My oldest is finishing Kindergarten and is having a class party today. Since I’m about to start very vigorous studies, this would possibly be my last chance for a few years to spend any time making a cute snack for him to bring in.
Rosewater nougat has the most alluring floral taste and scent. It’s a chewy confection with a delicious crunch from two types of nuts. The main nougat color is white, and, when cut, the beautiful green of pistachios and contrasting tan of macadamia nuts make them a feast for the eyes.
My husband and I went hiking today at a new trail. This trail is a very well kept secret we can’t even find information on online, and we thought we could find everything online! It’s wonderful to have a trail mostly to ourselves with fantastic views, but the trail also offers a tasty surprise: lilikoi!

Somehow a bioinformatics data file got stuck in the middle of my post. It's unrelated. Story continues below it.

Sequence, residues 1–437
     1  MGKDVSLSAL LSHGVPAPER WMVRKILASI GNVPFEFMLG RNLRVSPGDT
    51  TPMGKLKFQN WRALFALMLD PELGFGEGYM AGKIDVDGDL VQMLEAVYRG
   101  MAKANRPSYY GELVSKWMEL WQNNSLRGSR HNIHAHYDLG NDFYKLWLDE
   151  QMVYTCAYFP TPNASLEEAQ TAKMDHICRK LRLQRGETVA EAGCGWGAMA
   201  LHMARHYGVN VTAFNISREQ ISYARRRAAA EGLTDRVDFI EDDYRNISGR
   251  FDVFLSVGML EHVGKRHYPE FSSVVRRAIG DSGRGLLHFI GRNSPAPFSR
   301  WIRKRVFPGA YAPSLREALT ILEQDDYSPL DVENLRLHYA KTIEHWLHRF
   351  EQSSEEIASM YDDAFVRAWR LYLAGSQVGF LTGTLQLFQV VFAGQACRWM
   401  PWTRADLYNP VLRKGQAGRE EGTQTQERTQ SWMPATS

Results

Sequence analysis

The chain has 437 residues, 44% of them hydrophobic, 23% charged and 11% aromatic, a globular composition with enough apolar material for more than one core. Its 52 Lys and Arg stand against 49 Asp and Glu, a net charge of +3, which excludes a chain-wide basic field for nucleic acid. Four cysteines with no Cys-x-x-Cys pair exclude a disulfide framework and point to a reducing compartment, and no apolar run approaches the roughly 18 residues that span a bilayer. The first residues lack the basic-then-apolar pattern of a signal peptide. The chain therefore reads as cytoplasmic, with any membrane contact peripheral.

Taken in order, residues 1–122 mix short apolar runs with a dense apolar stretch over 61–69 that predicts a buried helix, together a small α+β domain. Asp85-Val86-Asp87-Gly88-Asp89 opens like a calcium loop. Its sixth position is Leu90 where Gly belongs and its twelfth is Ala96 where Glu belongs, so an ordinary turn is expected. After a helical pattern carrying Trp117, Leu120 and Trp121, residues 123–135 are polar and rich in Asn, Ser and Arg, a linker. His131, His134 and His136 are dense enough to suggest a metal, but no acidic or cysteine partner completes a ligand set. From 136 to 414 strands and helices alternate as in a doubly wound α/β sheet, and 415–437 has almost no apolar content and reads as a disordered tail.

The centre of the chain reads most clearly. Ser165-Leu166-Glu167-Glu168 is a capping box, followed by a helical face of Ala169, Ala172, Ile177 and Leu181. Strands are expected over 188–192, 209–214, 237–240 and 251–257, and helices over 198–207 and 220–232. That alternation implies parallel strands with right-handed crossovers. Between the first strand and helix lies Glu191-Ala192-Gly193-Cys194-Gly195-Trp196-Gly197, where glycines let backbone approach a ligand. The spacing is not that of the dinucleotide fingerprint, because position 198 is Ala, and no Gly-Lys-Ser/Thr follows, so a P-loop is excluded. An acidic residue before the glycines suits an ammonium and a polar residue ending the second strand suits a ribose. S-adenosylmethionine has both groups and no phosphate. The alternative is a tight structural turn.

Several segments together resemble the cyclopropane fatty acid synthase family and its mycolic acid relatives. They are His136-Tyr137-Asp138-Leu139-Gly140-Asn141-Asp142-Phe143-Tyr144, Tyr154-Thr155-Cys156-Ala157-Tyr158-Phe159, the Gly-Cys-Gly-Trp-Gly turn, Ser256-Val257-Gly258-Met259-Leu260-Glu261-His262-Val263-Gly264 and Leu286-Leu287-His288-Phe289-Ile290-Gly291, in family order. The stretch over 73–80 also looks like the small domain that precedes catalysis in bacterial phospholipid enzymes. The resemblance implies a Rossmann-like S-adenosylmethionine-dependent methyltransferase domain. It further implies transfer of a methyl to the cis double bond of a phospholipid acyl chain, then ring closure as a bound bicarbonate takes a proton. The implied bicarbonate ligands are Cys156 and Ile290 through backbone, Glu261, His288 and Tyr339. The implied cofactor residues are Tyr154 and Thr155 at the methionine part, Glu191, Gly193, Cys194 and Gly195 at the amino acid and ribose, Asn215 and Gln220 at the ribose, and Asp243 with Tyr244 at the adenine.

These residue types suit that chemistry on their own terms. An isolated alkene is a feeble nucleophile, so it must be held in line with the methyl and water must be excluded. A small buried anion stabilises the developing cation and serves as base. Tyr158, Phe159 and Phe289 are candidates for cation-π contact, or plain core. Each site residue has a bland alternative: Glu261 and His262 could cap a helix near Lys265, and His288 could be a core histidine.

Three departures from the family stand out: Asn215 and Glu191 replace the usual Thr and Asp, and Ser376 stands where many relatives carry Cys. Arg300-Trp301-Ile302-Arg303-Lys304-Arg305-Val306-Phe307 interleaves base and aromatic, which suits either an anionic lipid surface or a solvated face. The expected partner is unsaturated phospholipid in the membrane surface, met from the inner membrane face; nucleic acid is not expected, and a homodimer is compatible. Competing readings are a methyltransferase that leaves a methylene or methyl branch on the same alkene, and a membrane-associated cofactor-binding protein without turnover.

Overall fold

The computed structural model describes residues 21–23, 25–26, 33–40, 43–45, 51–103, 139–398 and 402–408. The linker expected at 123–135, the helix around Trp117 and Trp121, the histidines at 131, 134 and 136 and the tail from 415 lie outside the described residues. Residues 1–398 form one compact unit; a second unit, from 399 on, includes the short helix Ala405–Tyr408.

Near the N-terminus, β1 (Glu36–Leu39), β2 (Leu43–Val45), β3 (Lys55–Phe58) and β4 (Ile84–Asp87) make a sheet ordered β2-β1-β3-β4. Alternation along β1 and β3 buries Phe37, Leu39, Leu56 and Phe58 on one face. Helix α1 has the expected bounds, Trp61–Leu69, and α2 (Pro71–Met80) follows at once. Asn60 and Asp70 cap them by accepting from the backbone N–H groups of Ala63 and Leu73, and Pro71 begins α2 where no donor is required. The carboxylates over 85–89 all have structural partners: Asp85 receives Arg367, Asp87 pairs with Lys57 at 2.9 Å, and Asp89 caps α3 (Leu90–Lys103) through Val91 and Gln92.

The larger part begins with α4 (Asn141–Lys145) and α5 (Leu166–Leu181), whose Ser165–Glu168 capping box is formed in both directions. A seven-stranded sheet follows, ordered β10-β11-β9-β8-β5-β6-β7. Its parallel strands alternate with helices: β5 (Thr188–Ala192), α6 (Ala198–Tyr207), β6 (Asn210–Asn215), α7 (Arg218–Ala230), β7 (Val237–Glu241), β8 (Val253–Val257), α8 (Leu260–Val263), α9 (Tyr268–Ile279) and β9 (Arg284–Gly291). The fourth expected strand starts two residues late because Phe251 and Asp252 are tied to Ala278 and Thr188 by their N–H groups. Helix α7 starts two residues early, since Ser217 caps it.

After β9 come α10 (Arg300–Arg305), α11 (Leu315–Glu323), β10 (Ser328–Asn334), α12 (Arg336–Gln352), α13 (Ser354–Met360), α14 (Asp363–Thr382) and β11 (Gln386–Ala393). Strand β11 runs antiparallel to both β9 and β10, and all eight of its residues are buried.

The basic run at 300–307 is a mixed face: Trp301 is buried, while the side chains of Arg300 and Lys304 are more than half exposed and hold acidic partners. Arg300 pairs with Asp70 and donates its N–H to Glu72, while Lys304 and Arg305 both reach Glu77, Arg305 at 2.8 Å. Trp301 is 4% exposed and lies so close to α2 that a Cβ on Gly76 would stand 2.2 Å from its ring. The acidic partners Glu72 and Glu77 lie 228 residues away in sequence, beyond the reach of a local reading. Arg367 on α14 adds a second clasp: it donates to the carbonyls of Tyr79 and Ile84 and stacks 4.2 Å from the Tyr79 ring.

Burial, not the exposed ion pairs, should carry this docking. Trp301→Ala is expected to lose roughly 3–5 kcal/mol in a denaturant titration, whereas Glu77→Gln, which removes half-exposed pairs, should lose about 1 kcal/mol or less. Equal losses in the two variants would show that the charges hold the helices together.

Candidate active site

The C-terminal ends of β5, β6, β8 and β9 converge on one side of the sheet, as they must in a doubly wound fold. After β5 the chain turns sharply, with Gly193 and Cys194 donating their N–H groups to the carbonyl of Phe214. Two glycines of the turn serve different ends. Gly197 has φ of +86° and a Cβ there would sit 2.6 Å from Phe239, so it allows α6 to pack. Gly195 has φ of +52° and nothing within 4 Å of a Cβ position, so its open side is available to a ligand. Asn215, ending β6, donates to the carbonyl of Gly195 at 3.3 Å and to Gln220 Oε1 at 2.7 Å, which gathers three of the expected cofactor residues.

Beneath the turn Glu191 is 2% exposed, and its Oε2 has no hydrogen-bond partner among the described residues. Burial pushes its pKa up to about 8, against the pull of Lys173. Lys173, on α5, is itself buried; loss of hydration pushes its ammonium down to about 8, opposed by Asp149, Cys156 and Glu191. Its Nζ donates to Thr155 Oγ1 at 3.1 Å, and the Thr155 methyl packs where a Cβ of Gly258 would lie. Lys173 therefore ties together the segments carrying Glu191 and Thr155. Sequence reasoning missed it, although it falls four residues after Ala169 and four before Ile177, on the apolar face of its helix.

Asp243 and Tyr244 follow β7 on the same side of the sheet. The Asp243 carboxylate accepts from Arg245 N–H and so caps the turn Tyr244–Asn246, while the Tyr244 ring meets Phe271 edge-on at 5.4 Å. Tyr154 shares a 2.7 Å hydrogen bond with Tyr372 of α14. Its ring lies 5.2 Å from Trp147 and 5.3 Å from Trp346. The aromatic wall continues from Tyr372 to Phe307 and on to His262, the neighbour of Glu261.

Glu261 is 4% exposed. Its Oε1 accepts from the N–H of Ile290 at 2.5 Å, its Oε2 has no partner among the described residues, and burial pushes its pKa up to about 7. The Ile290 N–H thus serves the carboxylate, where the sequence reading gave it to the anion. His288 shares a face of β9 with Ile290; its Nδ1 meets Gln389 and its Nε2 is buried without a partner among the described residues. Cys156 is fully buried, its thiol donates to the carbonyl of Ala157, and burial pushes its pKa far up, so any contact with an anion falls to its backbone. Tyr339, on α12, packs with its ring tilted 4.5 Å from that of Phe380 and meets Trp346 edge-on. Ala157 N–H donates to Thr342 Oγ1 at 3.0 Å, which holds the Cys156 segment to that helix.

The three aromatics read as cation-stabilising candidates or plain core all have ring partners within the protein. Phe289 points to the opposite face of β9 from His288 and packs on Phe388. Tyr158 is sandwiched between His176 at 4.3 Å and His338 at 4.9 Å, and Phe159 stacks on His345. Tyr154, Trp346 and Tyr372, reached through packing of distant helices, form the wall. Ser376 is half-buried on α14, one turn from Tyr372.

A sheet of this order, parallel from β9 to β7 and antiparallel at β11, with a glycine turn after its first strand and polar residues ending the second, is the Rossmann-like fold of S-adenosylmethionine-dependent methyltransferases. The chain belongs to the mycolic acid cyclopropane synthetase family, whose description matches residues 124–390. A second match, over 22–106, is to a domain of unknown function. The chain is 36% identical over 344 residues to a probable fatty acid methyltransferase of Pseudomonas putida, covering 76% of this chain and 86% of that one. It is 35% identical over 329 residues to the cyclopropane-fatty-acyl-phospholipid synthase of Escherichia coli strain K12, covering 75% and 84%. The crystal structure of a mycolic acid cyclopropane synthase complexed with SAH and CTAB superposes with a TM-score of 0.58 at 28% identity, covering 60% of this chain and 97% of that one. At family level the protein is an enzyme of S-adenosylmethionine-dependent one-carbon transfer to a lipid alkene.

Living in Hawaii comes with perks, such as fresh pineapple year round. But don’t get caught stealing one from the fields: the fine is $5000!
I have been craving rose water nougat for weeks. Unfortunately, my husband doesn’t care for it so I have refrained from making it. So far. But the craving for something containing rose water has remained with me, so a few days ago I went on Pinterest for recipe inspiration.
Neither my husband nor I are of Mexican heritage, and we have never really celebrated Cinco de Mayo. But when Cinco de Mayo lands on Taco Tuesday, I took it as a sign to celebrate.